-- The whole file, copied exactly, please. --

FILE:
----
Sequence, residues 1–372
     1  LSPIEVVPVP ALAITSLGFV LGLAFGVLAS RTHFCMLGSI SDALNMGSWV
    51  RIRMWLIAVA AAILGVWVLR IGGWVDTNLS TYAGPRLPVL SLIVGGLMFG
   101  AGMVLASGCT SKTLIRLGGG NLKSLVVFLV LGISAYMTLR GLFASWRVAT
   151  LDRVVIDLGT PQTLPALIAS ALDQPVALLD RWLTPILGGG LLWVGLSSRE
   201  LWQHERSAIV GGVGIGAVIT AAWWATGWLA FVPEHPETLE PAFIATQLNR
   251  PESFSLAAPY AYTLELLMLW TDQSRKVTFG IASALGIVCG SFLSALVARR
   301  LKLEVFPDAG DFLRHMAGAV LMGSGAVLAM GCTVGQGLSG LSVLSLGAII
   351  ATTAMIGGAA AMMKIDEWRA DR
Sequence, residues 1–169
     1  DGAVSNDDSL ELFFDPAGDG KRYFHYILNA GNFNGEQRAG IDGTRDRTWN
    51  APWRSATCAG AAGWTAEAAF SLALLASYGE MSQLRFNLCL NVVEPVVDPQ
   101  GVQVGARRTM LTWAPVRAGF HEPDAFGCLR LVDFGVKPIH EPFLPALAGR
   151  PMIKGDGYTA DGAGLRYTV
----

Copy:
Sequence, residues 1–372
     1  LSPIEVVPVP ALAITSLGFV LGLAFGVLAS RTHFCMLGSI SDALNMGSWV
    51  RIRMWLIAVA AAILGVWVLR IGGWVDTNLS TYAGPRLPVL SLIVGGLMFG
   101  AGMVLASGCT SKTLIRLGGG NLKSLVVFLV LGISAYMTLR GLFASWRVAT
   151  LDRVVIDLGT PQTLPALIAS ALDQPVALLD RWLTPILGGG LLWVGLSSRE
   201  LWQHERSAIV GGVGIGAVIT AAWWATGWLA FVPEHPETLE PAFIATQLNR
   251  PESFSLAAPY AYTLELLMLW TDQSRKVTFG IASALGIVCG SFLSALVARR
   301  LKLEVFPDAG DFLRHMAGAV LMGSGAVLAM GCTVGQGLSG LSVLSLGAII
   351  ATTAMIGGAA AMMKIDEWRA DR
Sequence, residues 1–169
     1  DGAVSNDDSL ELFFDPAGDG KRYFHYILNA GNFNGEQRAG IDGTRDRTWN
    51  APWRSATCAG AAGWTAEAAF SLALLASYGE MSQLRFNLCL NVVEPVVDPQ
   101  GVQVGARRTM LTWAPVRAGF HEPDAFGCLR LVDFGVKPIH EPFLPALAGR
   151  PMIKGDGYTA DGAGLRYTV